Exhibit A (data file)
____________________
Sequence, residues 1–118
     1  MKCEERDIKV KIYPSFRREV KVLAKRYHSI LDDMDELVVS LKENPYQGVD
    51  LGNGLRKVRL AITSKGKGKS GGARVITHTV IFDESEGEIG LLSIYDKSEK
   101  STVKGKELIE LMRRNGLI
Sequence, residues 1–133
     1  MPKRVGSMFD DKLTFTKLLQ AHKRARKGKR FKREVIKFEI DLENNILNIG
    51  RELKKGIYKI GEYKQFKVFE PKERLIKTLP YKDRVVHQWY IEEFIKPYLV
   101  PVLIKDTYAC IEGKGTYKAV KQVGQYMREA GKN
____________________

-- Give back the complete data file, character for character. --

Sequence, residues 1–118
     1  MKCEERDIKV KIYPSFRREV KVLAKRYHSI LDDMDELVVS LKENPYQGVD
    51  LGNGLRKVRL AITSKGKGKS GGARVITHTV IFDESEGEIG LLSIYDKSEK
   101  STVKGKELIE LMRRNGLI
Sequence, residues 1–133
     1  MPKRVGSMFD DKLTFTKLLQ AHKRARKGKR FKREVIKFEI DLENNILNIG
    51  RELKKGIYKI GEYKQFKVFE PKERLIKTLP YKDRVVHQWY IEEFIKPYLV
   101  PVLIKDTYAC IEGKGTYKAV KQVGQYMREA GKN